The exemptions and deductions enjoyed by the salaried class have been taken away, but self-employed professionals will continue to avail of tax deductions. A salaried person with a gross annual income of Rs 12 lakh and savings of Rs 3 lakh will pay Rs 74,000 as tax without any deduction. A consultant who earns as much will be able to reduce his tax to about Rs 24,000 by claiming deductions amounting to Rs 5 lakh. The DTC ought to ensure that there's no discrimination between different types of taxpayers. Then it would truly achieve its objective of ensuring equity in taxation.

Tax SlabsUp to Rs 1.6 lakh annual income. No tax.Up to Rs 1.6 lakh: No tax.Up to Rs 1.6 lakh:
No tax.
Rs 1.6 lakh to Rs 3 lakh: 10%Rs 1.6 lakh to Rs 5 lakh: 10%Rs 1.6 lakh to Rs 10 lakh: 10%
Rs 3 lakh to Rs 5 lakh: 20%Rs 5 lakh to Rs 8 lakh: 20%Rs 10 lakh to Rs 25 lakh: 20%
Above Rs 5 lakh: 30%Above Rs 8 lakh: 30%Above Rs 25 lakh: 30%
AllowancesExemption to HRA, medical, conveyance, LTA, telephone allowances, subject to conditions.No change.All allowances to be added to income and taxed at marginal rate.
Dividends from companies and mutual fundsDividend tax free, but dividend distribution tax on dividends from companies and non-equity funds.No change.Dividend income added to income and taxed. Dividend distribution tax to be abolished.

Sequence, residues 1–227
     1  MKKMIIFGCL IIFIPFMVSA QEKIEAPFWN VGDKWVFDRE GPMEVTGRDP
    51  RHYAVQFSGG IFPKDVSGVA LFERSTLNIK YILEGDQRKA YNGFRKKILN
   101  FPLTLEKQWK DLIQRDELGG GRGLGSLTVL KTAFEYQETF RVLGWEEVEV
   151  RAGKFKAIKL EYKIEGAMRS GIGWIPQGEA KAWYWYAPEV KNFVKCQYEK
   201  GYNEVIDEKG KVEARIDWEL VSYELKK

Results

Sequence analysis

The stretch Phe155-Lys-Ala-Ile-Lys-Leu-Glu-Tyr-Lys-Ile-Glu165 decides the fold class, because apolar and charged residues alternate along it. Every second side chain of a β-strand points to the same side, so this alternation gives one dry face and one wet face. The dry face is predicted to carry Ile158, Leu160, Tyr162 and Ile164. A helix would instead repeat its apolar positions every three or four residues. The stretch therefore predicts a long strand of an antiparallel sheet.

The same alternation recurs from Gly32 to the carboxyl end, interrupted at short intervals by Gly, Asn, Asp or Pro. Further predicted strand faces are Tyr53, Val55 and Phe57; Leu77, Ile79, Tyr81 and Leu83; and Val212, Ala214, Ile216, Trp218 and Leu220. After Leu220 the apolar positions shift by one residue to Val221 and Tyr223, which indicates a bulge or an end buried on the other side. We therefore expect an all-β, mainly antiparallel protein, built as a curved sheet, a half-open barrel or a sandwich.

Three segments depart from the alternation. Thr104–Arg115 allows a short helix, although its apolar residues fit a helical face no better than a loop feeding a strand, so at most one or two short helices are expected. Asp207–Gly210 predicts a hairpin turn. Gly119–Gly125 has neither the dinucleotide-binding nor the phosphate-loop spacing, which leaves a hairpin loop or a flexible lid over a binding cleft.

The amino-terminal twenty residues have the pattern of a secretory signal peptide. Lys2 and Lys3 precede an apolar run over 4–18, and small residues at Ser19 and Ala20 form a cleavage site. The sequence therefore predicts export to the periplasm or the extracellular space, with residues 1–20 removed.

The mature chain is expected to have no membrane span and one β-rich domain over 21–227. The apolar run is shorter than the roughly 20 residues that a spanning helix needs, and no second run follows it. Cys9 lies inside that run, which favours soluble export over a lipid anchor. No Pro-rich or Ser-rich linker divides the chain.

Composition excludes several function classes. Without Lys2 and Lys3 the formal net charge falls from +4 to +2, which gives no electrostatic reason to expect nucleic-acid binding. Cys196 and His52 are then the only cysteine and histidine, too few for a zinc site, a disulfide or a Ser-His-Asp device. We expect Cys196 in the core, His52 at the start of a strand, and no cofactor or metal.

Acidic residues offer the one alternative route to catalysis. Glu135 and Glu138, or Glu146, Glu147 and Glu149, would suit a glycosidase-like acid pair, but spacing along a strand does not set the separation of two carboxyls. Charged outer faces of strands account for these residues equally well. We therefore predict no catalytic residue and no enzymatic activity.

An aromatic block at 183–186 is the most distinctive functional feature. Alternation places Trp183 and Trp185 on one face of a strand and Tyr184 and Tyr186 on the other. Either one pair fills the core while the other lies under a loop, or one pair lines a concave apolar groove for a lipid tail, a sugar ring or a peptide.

Securities transaction tax0.125% of the value of the transaction.No change.STT abolished.
Capital gains from equities and equity-oriented mutual fundsShort-term gains taxed at 15%, long-term gains tax free.No change.All gains to be added to income and taxed at marginal rate.
Capital gains from other assetsShort-term gains added to income, long-term taxed at 10% or 20% with indexation.No change.All gains to be added to income and taxed at marginal rate. Indexation benefit to continue.
Capital losses from equitiesShort-term losses can be set off but no provision to set off long-term losses.No change.Long-term losses can be set off and rolled over indefinitely.
Tax saving limitRs 1 lakh under Sec. 80 C.Rs 1.20 lakh. Additional Rs 20,000 for infrastructureRs 3 lakh under Sec. 66.
PF, PPF and other exempted savingFully exempted at all stages-investment, growth and withdrawal.No change.To be taxed at the time of withdrawal.
Insurance policiesIncome is fully exempt. It is taxable only if the
cover is less than 5 times the annual premium.
No change.Income to be taxed if the cover is less than
20 times the annual premium.
Home loan interest deductionUp to Rs 1.5 lakh of interest paid eligible for deduction for selfoccupied houses. No limit if house is given on rent.No change.No deduction for self-occupied houses.
Available if house is given on rent.
Wealth Tax1% tax payable if market value of jewellery, vacant house, car, artefacts, and cash exceeds Rs 30 lakh. Financial assets exempt.No change.All assets to be included, but at cost price not market value. Rate reduced to 0.25% and threshold raised to Rs 50 crore.